Woohoo! The feature is quite powerful and if you think about that - a little bit intimidating for a static-language mind. Ruby people will be definitely more comfortable with the idea of such a freedom.
    A release earlier - in .NET 2.0 - Microsoft gave us TryParse method, a good way to write cleaner code and improve performance avoiding costly Try-Catch blocks (judging by the messy code it was the last-minute addition, though). Sadly, for some reason the Enum type wasn't equipped with this useful feature. That means it is a good reason to try out some extensions...

    The following code is a first attempt, which is more in line with the traditional TryParse syntax:

    public static bool TryParse(this Enum theEnum, Type enumType, object value, out Enum result)
    result = theEnum;
    foreach (string item in Enum.GetNames(enumType))
    if (item.Equals(value))
    result = (Enum)Enum.Parse(enumType, value.ToString());
    return true;

    if (Enum.IsDefined(enumType, Convert.ChangeType(value, (Enum.GetUnderlyingType(enumType)))))
    result = (Enum)Enum.Parse(enumType, value.ToString());
    return true;
    return false;
    The usage is obvious:
    bool result = type.TryParse(typeof(StatusEnum), "SerialMonogamist", out parsedEnum);
    I avoided using a brute force approach with catching parsing errors - it defeats the whole purpose of having TryParse in the first place. The parse attempt is split into string and number parsing. The reason I didn't use the Enum.IsDefined(enumType, value) for strings is it will fail for a numeric values with type different from the enum's underlying type. I assumed that parsing Int16 or Int64 to the Int32-based enum should work flawlessly (mind the Overflow exception).

    A little bit different but more elegant code with generics:

    public static bool TryParse<T>(this T theEnum, object value, out T result)
    result = theEnum;
    foreach (string item in Enum.GetNames(typeof(T)))
    if (item.Equals(value))
    result = (T)Enum.Parse(typeof(T), value.ToString());
    return true;

    if (Enum.IsDefined(typeof(T), Convert.ChangeType(value, (Enum.GetUnderlyingType(typeof(T))))))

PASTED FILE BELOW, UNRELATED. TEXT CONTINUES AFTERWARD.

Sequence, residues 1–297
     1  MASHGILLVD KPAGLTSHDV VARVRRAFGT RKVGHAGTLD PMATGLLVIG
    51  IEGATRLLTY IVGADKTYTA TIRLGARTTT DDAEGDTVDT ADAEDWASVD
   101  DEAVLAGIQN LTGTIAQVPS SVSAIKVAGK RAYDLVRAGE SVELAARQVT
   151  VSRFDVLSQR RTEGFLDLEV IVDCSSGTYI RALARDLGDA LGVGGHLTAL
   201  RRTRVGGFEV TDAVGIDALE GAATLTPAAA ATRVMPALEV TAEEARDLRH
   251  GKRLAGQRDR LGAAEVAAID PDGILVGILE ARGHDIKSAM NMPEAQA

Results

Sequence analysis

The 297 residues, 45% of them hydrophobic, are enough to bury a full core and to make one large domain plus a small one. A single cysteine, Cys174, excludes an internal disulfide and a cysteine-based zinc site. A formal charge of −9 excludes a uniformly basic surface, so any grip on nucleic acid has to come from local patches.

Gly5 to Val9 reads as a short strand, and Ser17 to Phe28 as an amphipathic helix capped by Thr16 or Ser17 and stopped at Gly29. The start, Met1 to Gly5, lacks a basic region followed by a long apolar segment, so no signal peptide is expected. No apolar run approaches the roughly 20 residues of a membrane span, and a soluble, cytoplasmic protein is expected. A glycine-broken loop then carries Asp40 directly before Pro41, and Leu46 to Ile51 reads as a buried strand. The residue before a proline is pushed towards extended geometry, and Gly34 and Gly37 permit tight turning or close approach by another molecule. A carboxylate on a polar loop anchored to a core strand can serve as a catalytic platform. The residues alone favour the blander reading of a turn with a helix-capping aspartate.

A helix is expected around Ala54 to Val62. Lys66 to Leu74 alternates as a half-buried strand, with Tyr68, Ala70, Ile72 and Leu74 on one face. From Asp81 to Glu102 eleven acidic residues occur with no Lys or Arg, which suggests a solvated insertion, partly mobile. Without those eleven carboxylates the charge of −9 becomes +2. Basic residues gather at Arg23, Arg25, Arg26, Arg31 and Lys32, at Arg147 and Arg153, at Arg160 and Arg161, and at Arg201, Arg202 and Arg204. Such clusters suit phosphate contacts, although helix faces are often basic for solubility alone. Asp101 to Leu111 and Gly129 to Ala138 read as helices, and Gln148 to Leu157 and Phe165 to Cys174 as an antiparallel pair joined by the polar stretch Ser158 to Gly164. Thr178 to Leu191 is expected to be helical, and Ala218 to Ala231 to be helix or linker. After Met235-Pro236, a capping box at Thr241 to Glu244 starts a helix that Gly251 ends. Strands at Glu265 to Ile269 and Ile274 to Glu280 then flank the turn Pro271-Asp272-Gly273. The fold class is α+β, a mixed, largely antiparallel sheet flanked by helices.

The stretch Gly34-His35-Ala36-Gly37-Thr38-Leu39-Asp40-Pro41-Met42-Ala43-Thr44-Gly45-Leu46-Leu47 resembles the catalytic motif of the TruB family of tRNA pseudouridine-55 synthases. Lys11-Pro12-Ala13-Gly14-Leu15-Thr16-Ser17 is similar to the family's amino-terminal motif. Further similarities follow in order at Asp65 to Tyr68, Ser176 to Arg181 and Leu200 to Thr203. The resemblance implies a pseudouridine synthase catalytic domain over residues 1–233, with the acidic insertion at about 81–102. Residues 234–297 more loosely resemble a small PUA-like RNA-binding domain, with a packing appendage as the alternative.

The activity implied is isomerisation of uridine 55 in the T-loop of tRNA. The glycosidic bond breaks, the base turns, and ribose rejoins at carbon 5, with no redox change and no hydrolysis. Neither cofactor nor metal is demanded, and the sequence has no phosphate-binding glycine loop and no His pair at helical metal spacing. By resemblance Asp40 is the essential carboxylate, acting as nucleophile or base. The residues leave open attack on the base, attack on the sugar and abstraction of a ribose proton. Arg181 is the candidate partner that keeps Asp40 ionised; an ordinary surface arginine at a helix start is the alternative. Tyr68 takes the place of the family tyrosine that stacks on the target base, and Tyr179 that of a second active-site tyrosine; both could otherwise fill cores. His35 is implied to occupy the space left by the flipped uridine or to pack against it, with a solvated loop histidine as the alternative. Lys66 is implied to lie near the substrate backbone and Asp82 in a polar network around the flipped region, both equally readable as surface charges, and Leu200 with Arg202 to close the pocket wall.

result = (T)Enum.Parse(typeof(T), value.ToString());
    return true;
    return false;
    The method call looks cleaner (CLR is smart enough to deduce a proper signature even if generic type is omitted) but a bit less readable:
    bool result = theEnum.TryParse("HonestHusband", out parsedEnum);
    I've put some small test coverage project together and you can use it when trying to perfect my humble code. Good luck! Now it should be less reasons to hate C# generics :)

    Monday, April 21, 2008

    Adding XHTML Friends Network tags to your site

    Jut another Web 2.1 feature - XFN - XHTML Friends Network tagging. It may grow up into the some kind of Friendorati network, it may not. I like that it inserts nice tiny pictures and shows some personal relations with people you writing about. Doing that why do not do it with some standard?

    First - the CSS file (I think it belongs to the Phil Haack).

    Second - the linking standard: <a class="xfnRelationship" rel="guru" style="position: relative;" title="Just an example" href="" />

    And last but not least - nice images:

    friends Friends as a monolithic group
    colleague, co-worker Colleague who you have no idea about
    colleague-met Colleague who you met (hurray!)
    friend Friend (colleague in T-shirt)
    friend-met Friend who you met
    guru Perfect way to annoy people by marking them as minor geek celebritiesMartin Fowler) and to point out humbly that you met The guy
    spouse Spouse (that's right - handcuffs :)
    sweetheart If you use "spouse" tag, I would avoid publishing this one
    sweetheart-met Aggravating circumstance
    child Surprisingly there is no picture for a child-met tag
    parent I guess when Friendorati will unfold, families will use these tags to find their own
    XFN This blog is XFN-compliant

    Sunday, April 20, 2008

    They're watching us...

    There is some kind of weird genetic conspiracy present, I swear. I have those small, really small black flies in my office (fruit flies?), completely harmless non-disgusting (you can't really see more than a flying dot) things. My daughter always lives apple bits and grape brushes so they can survive. I practice catching them in the air and got already pretty good at this - I need just 1.25 strikes in average.

    What weird about all this (except the fact that I am blogging about it) is there is always just one fly in the air. Like there is some kind of kamikaze airfield and squadrons are waiting on the runway to take off one at the time when the comrade has fallen.